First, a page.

The subject came up today about whether a relationship could exist without passion. One participant claimed that passion dissipated within 18 months. A therapist making the rounds on talk shows suggests you "shake it up" and start new relationships in order to maintain the feeling of passion. I wasn't sure if they were defining passion or infatuation. Infatuation is an extravagant short lived passion. Some people call it calf love.

To me one of the earmarks of infatuation is that the other person doesn't have to participate. Teens and pre-teens can develop crushes on famous actors or singers. They never meet the person in question, so what is that intense feeling based on? Talent? Looks? Studies show we do tend to ascribe higher moral character to good looking people, whether or not they deserve it. Unfortunately, in today's TVland, what is defined as moral character has radically changed. People receive contracts for lucrative reality shows for exhibiting very low moral character. So it's hard to understand what sustains a crush.

Other times the feeling is connected to a live person, early in the relationship. It is still more of a fantasy than real love, though. Infatuation sees what it wants to see. The feeling is pleasant and very intense. At that time the person you love seems to float on air. You are always happy to see them. Little can you imagine this person could ever hurt you or blurt out anything you don't want to hear. When does the infatuation fade?

Sometimes it goes away by itself over time. The person doesn't have to do anything bad. It's just seeing them day after day do mundane activities rubs the polish off. You start to realize this person can have a grouchy day, a zit, bad breath in the morning. Slowly they don't seem so magical or perfect. Other times the reality check is more harsh. The person exhibits a behavior you did not expect. They disagree with your choice for dinner, or correct your grammer, and then poof, the party is over, just like that.

Philosophers would argue that real love is markedly different. In real love you care for the person. You don't base your airy fairy notions on what they can do for you, or how they dress, or how much money they make. Real love is according to the bible, able to endure all things. Or according to Shakespeare does not alter when alteration finds. So you could you still love your spouse if they were in an accident? What if it's a brain injury? What if their whole personality changes? There are all kinds of strange possibilities.

Funny how when we were kids we thought love was when you really really liked someone, and when you grown up you realize you don't even like some of the people you love. You like people who share your values and laugh at your jokes. Love, seems deeper than that. You love people who you can admire and respect. My first husband cheated on me, cheated on his taxes, cheated on his business partners. He rarely paid back money he borrowed, shrugging it off with the explanation "He didn't have it." I found I did not love him when I could not respect him. It surprised me, really, to find someone I had cared about enough to marry I couldn't even love. Then I realized part of the dissipation of our love was discovering the layers and layers of his betrayals. When nearly everything he said was a lie, I realized I didn't even know the man I had married. ?He was a fine con.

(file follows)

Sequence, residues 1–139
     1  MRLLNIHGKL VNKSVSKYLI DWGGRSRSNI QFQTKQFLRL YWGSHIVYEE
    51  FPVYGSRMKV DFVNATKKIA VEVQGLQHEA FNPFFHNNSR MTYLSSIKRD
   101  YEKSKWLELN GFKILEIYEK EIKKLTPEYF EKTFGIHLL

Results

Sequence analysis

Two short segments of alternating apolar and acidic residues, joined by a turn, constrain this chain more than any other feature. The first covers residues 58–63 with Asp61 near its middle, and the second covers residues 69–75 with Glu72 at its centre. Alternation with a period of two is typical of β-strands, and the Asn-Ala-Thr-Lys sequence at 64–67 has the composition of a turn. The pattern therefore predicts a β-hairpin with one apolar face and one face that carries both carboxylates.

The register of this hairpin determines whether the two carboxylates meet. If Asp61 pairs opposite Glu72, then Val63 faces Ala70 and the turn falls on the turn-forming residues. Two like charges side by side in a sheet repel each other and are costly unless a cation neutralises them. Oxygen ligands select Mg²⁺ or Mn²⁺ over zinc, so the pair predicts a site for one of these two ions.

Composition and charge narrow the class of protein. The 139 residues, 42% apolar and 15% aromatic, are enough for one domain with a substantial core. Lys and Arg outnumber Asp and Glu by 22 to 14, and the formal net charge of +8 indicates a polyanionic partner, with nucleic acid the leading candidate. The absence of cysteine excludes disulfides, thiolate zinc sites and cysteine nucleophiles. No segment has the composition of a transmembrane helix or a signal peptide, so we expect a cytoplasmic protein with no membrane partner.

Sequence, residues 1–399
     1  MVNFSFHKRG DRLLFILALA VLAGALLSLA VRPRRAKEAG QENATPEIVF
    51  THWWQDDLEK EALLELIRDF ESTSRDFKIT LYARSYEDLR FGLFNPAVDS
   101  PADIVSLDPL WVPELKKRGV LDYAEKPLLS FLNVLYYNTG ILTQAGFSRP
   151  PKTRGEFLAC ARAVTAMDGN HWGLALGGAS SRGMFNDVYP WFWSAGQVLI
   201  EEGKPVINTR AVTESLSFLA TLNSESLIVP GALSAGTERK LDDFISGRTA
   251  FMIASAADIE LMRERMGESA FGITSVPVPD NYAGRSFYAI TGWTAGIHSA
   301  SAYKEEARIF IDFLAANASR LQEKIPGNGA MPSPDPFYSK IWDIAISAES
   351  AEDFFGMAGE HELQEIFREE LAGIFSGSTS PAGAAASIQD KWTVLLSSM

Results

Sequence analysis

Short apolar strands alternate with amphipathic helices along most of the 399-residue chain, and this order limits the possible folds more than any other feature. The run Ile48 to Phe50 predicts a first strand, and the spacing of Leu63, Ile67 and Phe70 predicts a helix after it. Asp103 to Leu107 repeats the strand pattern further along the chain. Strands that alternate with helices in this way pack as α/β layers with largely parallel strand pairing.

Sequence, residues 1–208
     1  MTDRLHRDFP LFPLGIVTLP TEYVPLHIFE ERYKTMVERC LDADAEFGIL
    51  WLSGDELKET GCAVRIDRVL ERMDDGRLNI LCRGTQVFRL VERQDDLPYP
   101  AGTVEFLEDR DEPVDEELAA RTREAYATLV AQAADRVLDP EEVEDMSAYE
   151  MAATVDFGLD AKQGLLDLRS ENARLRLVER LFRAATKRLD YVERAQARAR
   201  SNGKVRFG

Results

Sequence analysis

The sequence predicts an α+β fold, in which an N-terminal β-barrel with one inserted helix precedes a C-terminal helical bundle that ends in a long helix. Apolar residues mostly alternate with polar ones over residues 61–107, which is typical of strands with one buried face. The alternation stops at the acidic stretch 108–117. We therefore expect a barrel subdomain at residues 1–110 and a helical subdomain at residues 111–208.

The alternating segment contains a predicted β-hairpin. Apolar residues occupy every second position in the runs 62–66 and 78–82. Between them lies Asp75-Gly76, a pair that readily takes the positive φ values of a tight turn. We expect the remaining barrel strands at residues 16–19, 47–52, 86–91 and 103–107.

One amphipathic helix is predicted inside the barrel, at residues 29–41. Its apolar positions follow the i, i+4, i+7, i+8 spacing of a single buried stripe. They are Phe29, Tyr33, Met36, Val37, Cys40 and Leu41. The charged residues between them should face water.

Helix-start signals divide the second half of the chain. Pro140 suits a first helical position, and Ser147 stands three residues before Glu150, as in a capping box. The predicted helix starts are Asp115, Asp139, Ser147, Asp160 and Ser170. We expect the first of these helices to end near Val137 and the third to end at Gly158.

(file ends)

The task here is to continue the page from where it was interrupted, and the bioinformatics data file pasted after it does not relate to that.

Passion, may or may not be different from infatuation. I like to think it is. After all I have a passion for writing I have sustained for years. Passion, unlike infatuation should not have to disappear. In fact, I like to believe it can grow. Call me silly, I think it's hot when a man treats me well. The more he does it, the more I want. It fans my flames. I don't know if men feel the same way. My second husband insisted that everyone loses their feelings after marriage. I didn't see why that had to be so, he said it had something to do with feeling familiar. Can't being familiar be passionate?

According to the dictionary passion is a strong emotion. To me, strong emotions are elicited by intense activity. There are things in life, passages so to speak, that are very intense: having a baby, raising a child, empty nest syndrome. To my mind, experiencing any one of these events with a mate ought to increase passion. They are what I call bonding experiences. And I wanted so dearly to bond with him, he was the love of my life, the man who taught me how to be a "we" before he got addicted to his pain medication and left me. I so miss the person I married. I still love him passionately, even though I can't be with him, can't trust a word he's saying. When he's using he's just too dangerous to me.

In the movies passion and infatuation are set up to be better than real love. Relationships in movies are traditionally filmed at the very start of a relationship, how the couple meets, how sparks fly. In the last movie I saw, Avatar, the couple were attracted from the start. They play act at being annoyed with each other. Very little actually stands in the way for them to end up together. There is a flimsy side story about the girl being betrothed to someone else. No evidence is shown that she actually cared about the rival. The two men fight to impress the one woman, although the audience never has a doubt who she will pick. One wonders why. We don't get to see any character development. They just spend a lot of time together.

I like to think you could feed passion by being kind. I like to think people would want to be treated well. I like to think that if you made home a pleasant place to be, then your mate would want to be there and not stray.